Using your mobile phone while driving is one of the biggest causes of accidents, which is why most motor insurance companies will refuse to pay out if you are found guilty of using your phone behind the wheel. Even if you are not involved in an accident, if you are caught using your phone while driving then you can be fined or even taken to court, and now it has been reported that Transport Secretary Patrick McLoughlin has decided to double the fine for those caught texting while driving to £90.
Mr McLoughlin went on to say that there are a large amount of people that use their phones while driving, and that these tougher measures have been brought in to drive down the message that it is dangerous and against the law. However, the amount of points you will receive on you licence will stay at just three, even though lobbyists have called for it to be the tougher penalty of six, especially as reports have recently shown that using your phone while driving can be even more dangerous than driving under the influence of alcohol.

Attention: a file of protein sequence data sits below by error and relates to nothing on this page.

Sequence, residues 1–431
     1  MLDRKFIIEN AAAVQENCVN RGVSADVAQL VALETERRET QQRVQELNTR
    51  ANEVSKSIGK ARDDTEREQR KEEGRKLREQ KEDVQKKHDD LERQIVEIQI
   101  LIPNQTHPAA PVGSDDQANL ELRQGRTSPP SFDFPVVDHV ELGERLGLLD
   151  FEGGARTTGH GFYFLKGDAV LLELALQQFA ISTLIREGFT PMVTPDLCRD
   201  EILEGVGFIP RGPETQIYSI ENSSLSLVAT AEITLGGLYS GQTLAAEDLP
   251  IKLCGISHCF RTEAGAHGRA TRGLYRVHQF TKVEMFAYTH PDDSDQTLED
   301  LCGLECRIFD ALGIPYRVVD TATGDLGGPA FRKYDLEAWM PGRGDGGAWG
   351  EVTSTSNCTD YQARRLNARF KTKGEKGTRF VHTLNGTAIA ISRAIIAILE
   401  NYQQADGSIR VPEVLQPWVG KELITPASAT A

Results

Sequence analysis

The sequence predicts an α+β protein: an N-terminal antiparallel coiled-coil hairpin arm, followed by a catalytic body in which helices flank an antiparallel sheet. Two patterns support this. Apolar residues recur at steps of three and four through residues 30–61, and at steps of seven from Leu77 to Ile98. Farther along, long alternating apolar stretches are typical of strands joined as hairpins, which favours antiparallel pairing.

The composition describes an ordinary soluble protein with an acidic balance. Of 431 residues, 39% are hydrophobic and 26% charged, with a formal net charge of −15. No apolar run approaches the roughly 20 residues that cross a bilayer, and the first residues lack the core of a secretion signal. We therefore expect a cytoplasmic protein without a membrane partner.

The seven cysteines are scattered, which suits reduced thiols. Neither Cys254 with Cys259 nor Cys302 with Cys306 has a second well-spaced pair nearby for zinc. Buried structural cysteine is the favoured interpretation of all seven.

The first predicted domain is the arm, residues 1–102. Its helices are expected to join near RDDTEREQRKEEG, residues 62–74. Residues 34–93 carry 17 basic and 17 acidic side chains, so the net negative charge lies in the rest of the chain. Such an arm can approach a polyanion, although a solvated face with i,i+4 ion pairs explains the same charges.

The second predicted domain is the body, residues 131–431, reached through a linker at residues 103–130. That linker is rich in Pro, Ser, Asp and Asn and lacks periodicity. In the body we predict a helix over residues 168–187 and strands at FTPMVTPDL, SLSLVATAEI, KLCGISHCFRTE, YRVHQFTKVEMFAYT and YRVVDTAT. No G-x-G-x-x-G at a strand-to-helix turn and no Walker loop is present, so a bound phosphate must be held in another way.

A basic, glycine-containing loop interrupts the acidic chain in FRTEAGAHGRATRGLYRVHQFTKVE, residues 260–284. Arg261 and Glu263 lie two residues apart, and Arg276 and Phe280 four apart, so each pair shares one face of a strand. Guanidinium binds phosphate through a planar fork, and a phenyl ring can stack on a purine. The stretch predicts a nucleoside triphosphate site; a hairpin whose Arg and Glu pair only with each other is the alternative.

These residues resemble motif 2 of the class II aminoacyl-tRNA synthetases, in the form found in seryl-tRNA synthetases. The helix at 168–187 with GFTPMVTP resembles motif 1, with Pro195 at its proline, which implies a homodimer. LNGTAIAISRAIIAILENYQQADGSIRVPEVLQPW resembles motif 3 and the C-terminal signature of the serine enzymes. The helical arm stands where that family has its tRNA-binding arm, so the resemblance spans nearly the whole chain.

Discussing his plans at a road safety conference in London yesterday, Mr McLoughlin said: “We want to send a clear message to dangerous drivers: If you continue to show complete disregard for the safety of other road users, we will catch you – and we will punish you.” Mr McLoughlin also admitted at the event: “On occasions in the past I’ve used my mobile phone when driving,” however he went on to say that that was during a time where it was more acceptable, much like drink driving used to be, however now he would not do either.
The police and other motoring bodies have supported the stricter rules when it comes to using a phone behind the wheel, with director of the RAC Foundation, Professor Stephen Glaister saying: “With both texting and hand-held use of mobile phones at the wheel causing more impairment than being at the drink-drive limit or under the influence of cannabis, the police need to target the large number of motorists continuing to flout the law.” So far over a million people have been fined for using their phones while driving, and in 2010 alone there were 161,096 convictions. Hopefully these new rules will deter more drivers from using their phone behind the wheel, and make the roads safer for drivers across the UK.